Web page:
Intended for healthcare professionals

Endgames Case Review

Gastric perforation in a 16 year old girl

BMJ 2017; 357 doi: https://doi.org/10.1136/bmj.j1859 (Published 03 May 2017) Cite this as: BMJ 2017;357:j1859
  1. Adam Nunn, core surgical trainee1,
  2. Nina Jahn, clinical psychologist2,
  3. James Hewes, consultant upper gastrointestinal surgeon3,
  4. Christopher Wong, consultant upper gastrointestinal surgeon3
  1. 1Southmead Hospital, Bristol
  2. 2Munro Centre, London
  3. 3Southmead Hospital, Bristol
  1. Correspondence to A Nunn adam.nunn{at}doctors.org.uk

A 16 year old girl presented with sudden onset severe central abdominal and left shoulder pain. She had a history of intermittent generalised abdominal pain associated with early satiety and nausea after eating over the preceding year. On assessment, she was tachycardic at 120 beats/min and had a firm, tender mass in the epigastrium. Blood tests revealed a normocytic anaemia (haemoglobin 84 g/L, normal range 12-16) and a neutrophil count of 15×109 /L (normal range 1.8-8). A plain chest radiograph showed substantial air under the diaphragm, and computed tomography (CT) imaging identified the presence of a large hypodense, heterogeneous mass that almost completely filled the stomach, with leakage of oral contrast into the intra-abdominal space (fig 1). On direct questioning, the patient admitted to a tendency to chew her hair, but claimed she had refrained from this for nearly a year preceding her current presentation.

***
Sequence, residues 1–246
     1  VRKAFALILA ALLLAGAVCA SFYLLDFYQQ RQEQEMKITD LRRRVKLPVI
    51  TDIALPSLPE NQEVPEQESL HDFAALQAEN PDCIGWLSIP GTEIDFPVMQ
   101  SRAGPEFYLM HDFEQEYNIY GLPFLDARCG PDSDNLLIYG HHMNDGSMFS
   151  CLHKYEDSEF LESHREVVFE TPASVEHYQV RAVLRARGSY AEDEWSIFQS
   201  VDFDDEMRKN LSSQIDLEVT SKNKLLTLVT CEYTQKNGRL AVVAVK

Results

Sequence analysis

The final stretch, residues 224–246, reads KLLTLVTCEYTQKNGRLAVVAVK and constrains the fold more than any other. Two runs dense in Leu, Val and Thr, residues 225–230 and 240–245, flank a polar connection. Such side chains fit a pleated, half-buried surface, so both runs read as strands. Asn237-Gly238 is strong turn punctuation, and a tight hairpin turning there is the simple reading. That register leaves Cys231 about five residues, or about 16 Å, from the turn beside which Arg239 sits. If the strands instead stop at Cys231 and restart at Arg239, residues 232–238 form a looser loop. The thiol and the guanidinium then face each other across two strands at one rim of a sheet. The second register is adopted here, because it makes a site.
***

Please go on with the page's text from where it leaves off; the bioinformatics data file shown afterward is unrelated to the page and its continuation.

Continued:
Fig 1 (A) Erect chest radiograph. (B) Computed tomography image (coronal view) of abdomen and pelvis with oral contrast

Questions

  • 1. What is the cause of this patient’s presentation?

  • 2. What is the acute management of this condition?

  • 3. How should the psychological aspects of the case be managed?

Answers

1. What is the cause of this patient’s presentation?

Short answer

Perforation of the stomach secondary to a giant trichobezoar (fig 2).

Fig 2 (A) Erect chest radiograph. (1) Free air under diaphragm. (B) CT coronal view of abdomen and pelvis with oral contrast. (2) Oral contrast seen outside stomach (indicating perforation); (3) Locules of free air …

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